Can Artificial Sweeteners Be Sabotaging Your Recovery?

Artificial sweeteners, oh how I loved you! Those pretty, petite, pastel packets of dopamine bliss.

For the amount I used, I wished the packets were doubled or tripled in size to avoid the chaos of frantically ripping each one apart to dump in my morning coffee, douse on my cereal, or sprinkle on my salad.

Yes, I said, salad.

That’s how much I craved their sultry sweetness. But, I’m done. That’s right. Finito. After realizing how artificial sweeteners were sabotaging my eating disorder (ED) recovery, they had to go. Here’s the gist:

Artificial sweetener prolonged my food obsessions

When I was in my ED, whether I was hungry or not, all I thought about was food. Food food, food.

What was I eating, how much, where, how I’d prepare it, how I’d give the illusion that I ate it, and where I could purge it. So, after recovering from three years of anorexia and 10 years of bulimia, I really wanted to be done with the food obsession.

In recovery, artificial sweeteners sabotaged my ability to stop thinking about food even when I wasn’t hungry.

Let me explain…

When we eat something sweet—whether sugar, artificial sweetener, or “natural” artificial sweetener (e.g., stevia), our brain’s reward center processes are activated. However, unlike sugar, artificial sweeteners fail to deactivate this process because they never deliver calories. Therefore, our brain will continue to signal that it they needs more sweet stuff because it isn’t satisfied.

A study mentioned in Scientific American demonstrated that the more diet soda an individual consumed, the lower the activation in the area in the brain responsible for taste-reward and satisfaction.

So, now I have this brain that is continually signaling for more food because it’s never satisfied. For me in recovery, this meant food thoughts—all damn day—whether I was hungry or not. Like an addict seeking dope, my brain wouldn’t let up until I gave it the real, gooey, good stuff. Yes, folks: sugar.

It delayed my intuitive eating efforts

It’s certainly nice to slow down and actually taste food, right? I began to learn intuitive eating (IE) a year into my recovery. While I certainly don’t recommend IE for initial recovery—because restoring one’s negative energy balance and eliminating life-threatening eating behaviors should be the primary focus—I do recommend it eventually.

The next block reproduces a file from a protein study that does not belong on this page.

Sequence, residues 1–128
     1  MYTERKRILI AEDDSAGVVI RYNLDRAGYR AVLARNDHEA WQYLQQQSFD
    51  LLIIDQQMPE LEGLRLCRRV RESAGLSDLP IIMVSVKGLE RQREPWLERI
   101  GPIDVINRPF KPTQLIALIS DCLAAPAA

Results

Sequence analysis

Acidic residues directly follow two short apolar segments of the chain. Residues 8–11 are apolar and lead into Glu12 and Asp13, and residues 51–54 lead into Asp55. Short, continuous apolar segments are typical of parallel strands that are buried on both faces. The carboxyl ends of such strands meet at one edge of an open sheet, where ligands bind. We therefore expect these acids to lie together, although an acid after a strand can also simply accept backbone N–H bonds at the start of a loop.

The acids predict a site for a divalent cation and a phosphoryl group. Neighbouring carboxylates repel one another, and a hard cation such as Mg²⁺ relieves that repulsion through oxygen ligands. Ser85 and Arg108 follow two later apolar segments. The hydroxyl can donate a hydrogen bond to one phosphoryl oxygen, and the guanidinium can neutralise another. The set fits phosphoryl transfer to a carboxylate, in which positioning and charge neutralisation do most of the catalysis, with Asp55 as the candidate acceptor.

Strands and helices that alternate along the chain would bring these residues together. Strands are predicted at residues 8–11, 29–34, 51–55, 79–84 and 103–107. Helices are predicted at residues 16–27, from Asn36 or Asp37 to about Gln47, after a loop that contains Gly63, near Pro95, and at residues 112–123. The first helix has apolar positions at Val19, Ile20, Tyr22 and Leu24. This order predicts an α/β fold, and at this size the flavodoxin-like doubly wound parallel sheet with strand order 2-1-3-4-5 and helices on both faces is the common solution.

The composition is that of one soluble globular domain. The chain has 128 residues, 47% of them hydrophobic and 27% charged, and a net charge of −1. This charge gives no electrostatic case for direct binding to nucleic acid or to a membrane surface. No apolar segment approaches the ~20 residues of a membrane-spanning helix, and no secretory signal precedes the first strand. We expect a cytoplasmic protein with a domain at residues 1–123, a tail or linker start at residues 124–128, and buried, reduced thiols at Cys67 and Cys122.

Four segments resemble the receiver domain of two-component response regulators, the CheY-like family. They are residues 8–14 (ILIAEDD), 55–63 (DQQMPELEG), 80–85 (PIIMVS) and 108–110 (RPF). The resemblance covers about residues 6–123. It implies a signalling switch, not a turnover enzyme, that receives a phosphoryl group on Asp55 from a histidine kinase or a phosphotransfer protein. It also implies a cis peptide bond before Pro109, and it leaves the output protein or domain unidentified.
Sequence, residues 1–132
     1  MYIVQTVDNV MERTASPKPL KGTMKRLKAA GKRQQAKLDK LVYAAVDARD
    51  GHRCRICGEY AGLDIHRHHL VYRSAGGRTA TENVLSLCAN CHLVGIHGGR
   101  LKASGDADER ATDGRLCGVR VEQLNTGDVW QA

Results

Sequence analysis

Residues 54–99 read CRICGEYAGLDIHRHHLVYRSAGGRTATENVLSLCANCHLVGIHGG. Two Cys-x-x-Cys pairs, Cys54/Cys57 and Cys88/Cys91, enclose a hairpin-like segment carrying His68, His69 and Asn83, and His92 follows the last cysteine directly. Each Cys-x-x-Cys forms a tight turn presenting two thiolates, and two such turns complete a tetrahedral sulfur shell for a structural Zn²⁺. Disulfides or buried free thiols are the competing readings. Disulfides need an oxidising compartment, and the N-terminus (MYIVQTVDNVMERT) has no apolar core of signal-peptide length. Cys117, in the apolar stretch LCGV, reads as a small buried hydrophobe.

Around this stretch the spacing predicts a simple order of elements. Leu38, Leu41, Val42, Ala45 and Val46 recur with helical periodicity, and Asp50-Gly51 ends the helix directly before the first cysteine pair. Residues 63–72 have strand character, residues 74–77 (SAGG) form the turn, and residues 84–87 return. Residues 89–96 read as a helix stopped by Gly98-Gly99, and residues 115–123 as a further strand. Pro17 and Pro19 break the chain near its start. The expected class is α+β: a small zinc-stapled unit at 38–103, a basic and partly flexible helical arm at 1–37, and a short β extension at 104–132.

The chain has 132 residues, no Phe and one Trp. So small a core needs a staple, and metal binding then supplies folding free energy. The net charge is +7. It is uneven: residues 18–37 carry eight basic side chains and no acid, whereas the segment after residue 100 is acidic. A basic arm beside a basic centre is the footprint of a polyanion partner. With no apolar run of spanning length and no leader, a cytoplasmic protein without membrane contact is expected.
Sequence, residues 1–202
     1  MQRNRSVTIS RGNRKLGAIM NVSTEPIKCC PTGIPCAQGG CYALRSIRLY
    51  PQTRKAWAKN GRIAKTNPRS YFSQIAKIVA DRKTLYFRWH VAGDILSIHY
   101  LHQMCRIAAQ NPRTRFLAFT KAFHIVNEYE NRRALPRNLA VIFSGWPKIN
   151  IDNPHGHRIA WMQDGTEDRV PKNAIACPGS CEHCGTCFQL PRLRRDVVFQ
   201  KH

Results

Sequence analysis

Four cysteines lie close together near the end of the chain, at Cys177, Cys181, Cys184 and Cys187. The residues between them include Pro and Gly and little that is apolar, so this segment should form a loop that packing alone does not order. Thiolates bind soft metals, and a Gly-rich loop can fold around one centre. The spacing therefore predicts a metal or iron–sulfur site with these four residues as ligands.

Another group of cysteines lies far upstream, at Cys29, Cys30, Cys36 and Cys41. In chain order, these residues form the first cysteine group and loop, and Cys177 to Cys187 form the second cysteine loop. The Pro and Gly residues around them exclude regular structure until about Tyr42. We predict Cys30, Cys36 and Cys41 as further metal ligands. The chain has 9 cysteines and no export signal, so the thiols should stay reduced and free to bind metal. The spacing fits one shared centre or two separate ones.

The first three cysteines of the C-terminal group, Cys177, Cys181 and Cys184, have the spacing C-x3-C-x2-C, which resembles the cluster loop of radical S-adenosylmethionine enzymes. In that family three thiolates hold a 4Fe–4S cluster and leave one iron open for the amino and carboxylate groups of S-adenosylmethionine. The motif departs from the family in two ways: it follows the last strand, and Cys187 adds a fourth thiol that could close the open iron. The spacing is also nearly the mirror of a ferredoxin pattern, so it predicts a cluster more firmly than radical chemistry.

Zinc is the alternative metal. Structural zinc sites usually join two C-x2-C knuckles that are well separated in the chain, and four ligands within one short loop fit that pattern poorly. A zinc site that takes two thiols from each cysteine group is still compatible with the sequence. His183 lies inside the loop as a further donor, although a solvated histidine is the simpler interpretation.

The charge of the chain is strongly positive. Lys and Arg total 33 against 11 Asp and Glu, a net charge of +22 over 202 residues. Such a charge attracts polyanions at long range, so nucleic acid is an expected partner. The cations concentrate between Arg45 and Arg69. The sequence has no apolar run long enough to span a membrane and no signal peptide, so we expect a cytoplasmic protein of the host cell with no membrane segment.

According to the Lauren Fowler RD , “[Intuitive eating] takes the balance of connecting back to your body’s cues, rather than our rational minds—as well as taking inspired action.”

I personally think that the attitudes and principles that support intuitive eating are more congruent with true “healthy eating” than any diet or supposedly “healthy eating lifestyle”.

This is because intuitive eating is the antithesis of an eating disorder. The anti-diet teaches us to eat like infants again. To be void of any food rules and innately balance our energy intake.

However, the perpetual use of artificial sweeteners blocked me from intuitive eating. They desensitized my taste buds by continually and aggressively over-stimulating them. Artificial sweeteners are 160-600 times sweeter than natural sugar. So natural sugar, fruits, and so on, no longer tasted sweet to me.

Think of it this way

Have you ever seen an over-stimulated baby? They are closed off, inconsolable and unable to be curious. The same is true for our taste buds. Overstimulated taste buds are shut down and cannot be curious and open to notice subtleties in foods.

This overstimulation, coupled with me wanting “that sweet taste” on everything rendered me unable to taste the distinguishing flavors in any foods. Basically, my brain was trained to only fire happy chemicals in response to the overpowering assault on my tongue from the artificial sweetener. All my food had to taste like artificial sweetener or my brain was unimpressed.

Essentially, artificial sweeteners created a barrier. It physically and mentally prevented me from tasting my food and becoming an intuitive eater, which is essential for lasting recovery.

Elevated my anxiety

Recovery from ED, anxiety, or any psychopathology requires a strengthening of serotonin transporters between the amygdala—our primitive fight or flight response—and the prefrontal cortex, or the area of the brain responsible for mental control and emotional regulation.

In other words, to recover and stay recovered, we need to have the ability to gain perspective and make productive, healthy decisions. Even when the other stupid caveman parts of our brain (ahem, amygdala!) want to use behaviors and keep us in fear.

study shows that artificial sweetener is linked to anxiety and depression in vulnerable populations. And with a genetic propensity for an eating disorder, I am definitely within that population.

After taking artificial sweeteners out of my diet, my social anxiety definitely decreased. 

Scary huh? So, why put my mental health at risk by continuing to consume artificial sweeteners? If there are any measures I can take to avoid anxiety and depression I’m going to take them! And it seems like avoiding artificial sweeteners is one step I can take.

Take it from me

Are you ready to be done with your eating disorder once and for all? Ditch the artificial sweeteners. In my case, they only prolonged my food obsession, prevented me from eating intuitively, and gave me anxiety.

Furthermore, for the love of sweet, gooey goodness, eat sugar! I made the switch and my body and mind are in the best shape they’ve ever been.

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